Sandra Tanner: Well, the Book of Mormon purports to be the story of an Old Testament prophet named Lehi, who, with his family, immigrate to America, just after 600 BC. And they come over here and set up a group of Israelites who supposedly keep the law and they are faithful to follow God. Then it follows this family’s growth into nations and through to their great final battle about 420 or so AD, when most of the righteous people are killed off, leaving just the dark, sinful people, which are later identified as the American Indian. So the Book of Mormon ends about 421 AD. But that whole period is supposed to be about God’s dealing with the people in America, just as God dealt with Israel in the Old World. So, they receive scripture; their prophets go out in the land, predict coming doom in the Book of Mormon, Jesus comes over here after his death on the cross. He appears to the American people to tell them of the true gospel. So, it is truly another book of scripture. But once you accept that, then you’ve accepted Joseph Smith, which leads you to believe the rest of Mormonism. But the Book of Mormon is claiming to be a historical book on par with the Bible.
Ankerberg: Yeah. And you have all of these civilizations that basically lived here on the North American continent. And when you say, okay, we’ve had civilizations in Greece and Rome that go back thousands of years, and even in Jewish history. And you can go back to, you know, 2000 BC, even before that, to Ebla and those kinds of things that are further back than that. And you can find artifacts of those civilizations. Now, according to the Book of Mormon, we should have a ton of physical material. Such as?
Tanner: Yes. Well, the Book of Mormon people supposedly built great cities. So there should be those cities left over, at least some kind of remnant of the cities. Now, the Mormons will point to the Mayan ruins as some sort of evidence of an advanced civilization. But those are Mayan, they aren’t Christian Jews. So the problem is, for the Mormon, where are the artifacts for the Book of Mormon story that relate to those people? And they don’t have them. The Book of Mormon claims to have these great cities; we don’t find them. We don’t find any artifacts of their way of life. They supposedly had chariots and horses in their battles; no evidence of chariots and horses here in the Americas. They had steel swords; there’s no evidence of that kind of level of metallurgy here in the Americas. All the way through, you find these problems to make the Book of Mormon history. With the Bible, you can learn Hebrew and Greek and do your own translation. But no one knows the language for the Book of Mormon people. There’s no sample of their writing. Well, Joseph Smith made a little piece of paper, called the Anthon Transcript, where he gave a sample of supposedly the writing on the Book of Mormon plates. But no sample of that writing’s ever been found.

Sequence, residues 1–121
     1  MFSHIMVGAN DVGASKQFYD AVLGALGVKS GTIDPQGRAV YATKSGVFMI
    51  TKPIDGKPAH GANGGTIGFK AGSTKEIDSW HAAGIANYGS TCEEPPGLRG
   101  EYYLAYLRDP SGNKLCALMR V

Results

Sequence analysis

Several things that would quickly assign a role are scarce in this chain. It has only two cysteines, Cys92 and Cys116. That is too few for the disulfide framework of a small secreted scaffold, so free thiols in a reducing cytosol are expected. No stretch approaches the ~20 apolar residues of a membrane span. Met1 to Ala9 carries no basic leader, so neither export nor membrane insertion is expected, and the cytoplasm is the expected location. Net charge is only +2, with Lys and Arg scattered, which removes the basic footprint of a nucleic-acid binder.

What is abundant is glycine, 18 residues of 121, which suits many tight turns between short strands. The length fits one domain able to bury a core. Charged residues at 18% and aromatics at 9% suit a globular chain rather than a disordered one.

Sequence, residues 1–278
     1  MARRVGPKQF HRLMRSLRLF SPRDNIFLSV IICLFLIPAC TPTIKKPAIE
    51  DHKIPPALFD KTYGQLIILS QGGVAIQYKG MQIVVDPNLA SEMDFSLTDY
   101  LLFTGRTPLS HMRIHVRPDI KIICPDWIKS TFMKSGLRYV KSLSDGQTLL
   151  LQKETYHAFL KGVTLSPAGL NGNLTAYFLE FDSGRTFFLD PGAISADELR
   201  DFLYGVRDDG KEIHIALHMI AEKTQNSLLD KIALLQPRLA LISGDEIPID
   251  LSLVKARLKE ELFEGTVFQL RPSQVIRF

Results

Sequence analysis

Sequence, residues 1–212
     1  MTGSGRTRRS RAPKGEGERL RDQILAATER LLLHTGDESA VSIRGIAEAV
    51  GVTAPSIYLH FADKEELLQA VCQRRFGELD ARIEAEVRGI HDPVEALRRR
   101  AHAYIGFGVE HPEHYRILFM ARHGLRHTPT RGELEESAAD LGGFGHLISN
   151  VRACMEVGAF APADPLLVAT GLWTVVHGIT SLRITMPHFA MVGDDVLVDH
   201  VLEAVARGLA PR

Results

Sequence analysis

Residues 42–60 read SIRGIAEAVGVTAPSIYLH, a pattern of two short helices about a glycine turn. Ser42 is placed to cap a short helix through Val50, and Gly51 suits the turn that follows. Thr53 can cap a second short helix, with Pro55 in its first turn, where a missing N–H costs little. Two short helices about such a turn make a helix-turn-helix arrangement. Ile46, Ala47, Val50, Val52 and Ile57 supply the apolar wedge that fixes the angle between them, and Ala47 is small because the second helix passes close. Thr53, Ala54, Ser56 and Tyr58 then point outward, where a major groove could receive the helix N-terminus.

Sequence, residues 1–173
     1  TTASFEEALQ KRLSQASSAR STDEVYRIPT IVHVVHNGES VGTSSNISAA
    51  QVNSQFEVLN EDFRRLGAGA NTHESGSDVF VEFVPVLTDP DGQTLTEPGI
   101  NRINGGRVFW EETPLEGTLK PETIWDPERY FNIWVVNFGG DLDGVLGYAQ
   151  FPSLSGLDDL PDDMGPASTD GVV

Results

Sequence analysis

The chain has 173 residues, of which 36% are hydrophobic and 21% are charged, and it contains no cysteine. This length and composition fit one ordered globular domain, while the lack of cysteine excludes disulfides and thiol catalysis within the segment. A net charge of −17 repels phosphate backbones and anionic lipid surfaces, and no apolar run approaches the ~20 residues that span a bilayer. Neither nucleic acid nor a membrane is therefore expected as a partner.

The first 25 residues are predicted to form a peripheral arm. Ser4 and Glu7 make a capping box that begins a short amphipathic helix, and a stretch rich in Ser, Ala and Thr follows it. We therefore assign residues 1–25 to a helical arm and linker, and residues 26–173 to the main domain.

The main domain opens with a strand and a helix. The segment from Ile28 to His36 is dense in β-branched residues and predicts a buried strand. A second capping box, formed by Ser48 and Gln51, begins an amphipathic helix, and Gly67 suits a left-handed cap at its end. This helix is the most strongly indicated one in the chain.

Ankerberg: When Mormon missionaries have come by my house, or other folks’ houses, I’ve heard them say, “You know, the archaeological evidence for the Book of Mormon is overwhelming. I mean, it’s outstanding. All you have to do is check it out.” Yet, Dr. Wilder, one of your colleagues at Brigham Young put it this way, “No one has found any inscriptional evidence for, or material remains that can be tied directly to any of the persons, places, or things mentioned in the Book of Mormon,” alright. When you look at what has been found across the world, has there been anything that’s been found?
Tanner: No. In fact, the Mormons can’t even decide where the story happened. You will not find the Mormon Church putting out a map for the Book of Mormon lands. They won’t commit themselves to a location, because there’s no artifacts. And if they state that it was here or it was there, then you would know where to dig and you would expect to find something. You don’t go to Temple Square in Salt Lake City and go to a museum that has artifacts for the Book of Mormon. There’s just nothing there.
Ankerberg: Alright. Now the Book of Mormon claims to be written by a prophet who lived how long ago?
Tanner: Well, Moroni, the last guy that writes in it, he dies after 421 AD. But it starts out about 600 BC.
Ankerberg: Okay. So, the last he could write was 400, right?
Tanner: Yeah.
Ankerberg: King James Bible was written when?
Tanner: 1600.
Ankerberg: 1611, King James Bible, alright. Now, the question is, when you get to the Book of Mormon, how did it end up with perfect King James English language throughout?
Tanner: Well, this is one of the problems for the Book of Mormon. The people in Joseph Smith’s day did not speak in King James verbiage. And yet the Book of Mormon translation comes out in “thee’s” and “thou’s”, just like the Bible. And, in fact, you find throughout the Book of Mormon that it is plagiarizing verses from the Bible. They couldn’t have known these verses; they couldn’t have seen these things. This is a civilization that’s been separated from Bible lands for hundreds and hundreds of years. And yet, it’s full of King James phrasing and verses all the way through.